The cortisone shot continues to work wonders for Ryan Zimmerman.
Since getting a pain-killing injection in his inflamed right shoulder 10 days ago, Zimmerman is batting .369 with four home runs, five doubles and 16 RBIs.
Today, he notched a run-scoring double in the third and a two-run homer in the fifth, a ball which was absolutely smoked over the right-center field fence.
Is it fair to assume the cortisone shot is the lone reason for this dramatic increase in production of late?
"It was a lot of that," Zimmerman said. "I was banged up for a while there. When you try to play through things, sometimes it doesn't allow you to do the things you've been doing. And sometimes that leads to other things. It's definitely a lot better when you show up to the park every day and you feel healthy."
The big names weren't the only ones to produce offensively for the Nationals today. Zimmerman had three RBIs and All-Star shortstop Ian Desmond had two, but rookie catcher Jhonatan Solano continued a torrid start to his major league career with a 2-for-4 day which included a homer to right-center.
The Onion is now batting .393 on the season and has five extra-base hits and six RBIs in just 28 at-bats.
"It's exciting, especially with this lineup," Solano said. "I like to see everyone happy because I help out the team to get the win.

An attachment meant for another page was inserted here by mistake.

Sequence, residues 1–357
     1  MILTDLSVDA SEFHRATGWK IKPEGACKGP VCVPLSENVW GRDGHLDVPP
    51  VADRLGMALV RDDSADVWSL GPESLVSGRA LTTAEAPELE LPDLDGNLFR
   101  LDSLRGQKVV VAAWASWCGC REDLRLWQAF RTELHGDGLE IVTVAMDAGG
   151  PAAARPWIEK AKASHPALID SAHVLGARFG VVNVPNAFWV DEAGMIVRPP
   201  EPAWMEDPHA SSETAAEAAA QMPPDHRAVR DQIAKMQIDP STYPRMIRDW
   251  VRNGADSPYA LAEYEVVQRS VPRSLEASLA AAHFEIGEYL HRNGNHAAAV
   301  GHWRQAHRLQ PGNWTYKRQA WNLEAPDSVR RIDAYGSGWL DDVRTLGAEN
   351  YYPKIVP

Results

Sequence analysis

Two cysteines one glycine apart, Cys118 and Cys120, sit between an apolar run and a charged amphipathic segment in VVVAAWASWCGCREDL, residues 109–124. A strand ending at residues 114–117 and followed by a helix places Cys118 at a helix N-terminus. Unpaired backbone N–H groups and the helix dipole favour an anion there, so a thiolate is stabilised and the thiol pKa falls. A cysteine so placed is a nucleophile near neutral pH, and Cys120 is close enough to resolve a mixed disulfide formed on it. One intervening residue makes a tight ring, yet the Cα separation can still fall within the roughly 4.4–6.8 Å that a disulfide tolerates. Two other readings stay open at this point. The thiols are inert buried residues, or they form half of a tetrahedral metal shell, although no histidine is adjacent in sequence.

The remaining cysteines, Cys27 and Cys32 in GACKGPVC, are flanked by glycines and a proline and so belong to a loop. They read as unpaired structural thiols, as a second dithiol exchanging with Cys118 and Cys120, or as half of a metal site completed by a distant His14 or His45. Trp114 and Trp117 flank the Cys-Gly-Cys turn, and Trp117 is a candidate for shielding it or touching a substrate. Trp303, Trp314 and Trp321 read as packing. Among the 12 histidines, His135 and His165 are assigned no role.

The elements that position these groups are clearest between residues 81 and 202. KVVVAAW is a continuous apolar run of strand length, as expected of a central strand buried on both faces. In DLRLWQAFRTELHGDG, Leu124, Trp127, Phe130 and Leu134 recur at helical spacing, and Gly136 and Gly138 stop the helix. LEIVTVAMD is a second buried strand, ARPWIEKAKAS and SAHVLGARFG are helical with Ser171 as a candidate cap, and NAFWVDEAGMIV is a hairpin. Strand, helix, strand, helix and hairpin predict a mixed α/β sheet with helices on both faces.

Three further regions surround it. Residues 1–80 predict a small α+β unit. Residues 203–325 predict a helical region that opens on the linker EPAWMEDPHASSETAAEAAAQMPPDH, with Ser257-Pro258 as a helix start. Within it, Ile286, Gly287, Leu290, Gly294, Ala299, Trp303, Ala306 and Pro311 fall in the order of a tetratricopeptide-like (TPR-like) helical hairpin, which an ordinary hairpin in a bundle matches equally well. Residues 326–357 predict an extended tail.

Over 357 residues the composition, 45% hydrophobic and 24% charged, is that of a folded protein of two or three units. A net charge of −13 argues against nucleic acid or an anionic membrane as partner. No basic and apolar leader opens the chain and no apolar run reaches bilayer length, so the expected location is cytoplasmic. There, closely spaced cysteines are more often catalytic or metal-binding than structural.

"It's good, you know. I feel great right now because everyone's playing good. It's a little pressure, but I try to do everything good because I don't want to look like, 'Oh, he's the only guy who's not doing it.'"
Is there any particular reason why Edwin Jackson has struggled so mightily in the first inning this season and been so effective after it? Jackson doesn't think so.
"Some of it can be just (the opposing team) hitting the ball," Jackson said. "Some of it just not hitting spots. It's been a little bit of everything. It hasn't been one particular thing. There's been games where I hit my spots and still give up runs in the first inning. Been games when it's a matter of one pitch. Just (need to focus on) coming out and being aggressive from the start."
Jackson's pitched in a lot of really low-scoring ballgames this season and failed to earn wins numerous times even when he delivered a quality start. Today, Jackson didn't give a quality start (at least, not by the statistics, which require a starter to work at least six innings and allow three or fewer runs), but his offense gave him plenty of backing.
"It's definitely great when you have that offensive support where you can battle and keep the game close," Jackson said. "The last few games, the last week or so, we've been swinging it real well. It's no secret to us in here. We know what these guys are capable of. The last week or so they've been showing what they can really do."
Jackson nearly added to that offensive support himself when he sent a deep fly ball to left field in the fourth inning. The crowd reacted like they thought it was going to leave the yard, and Jackson's teammates came to their feet in the dugout, only to see the ball fall into the glove of Melky Cabrera on the warning track.
The Nats starter was rewarded with a standing ovation when he came back towards the dugout and his teammates gathered around to give him some playful pats on the back.
"Gotta hit the weight room," Jackson said of his oh-so-close fly ball. "Gotta hit the weight room a little bit."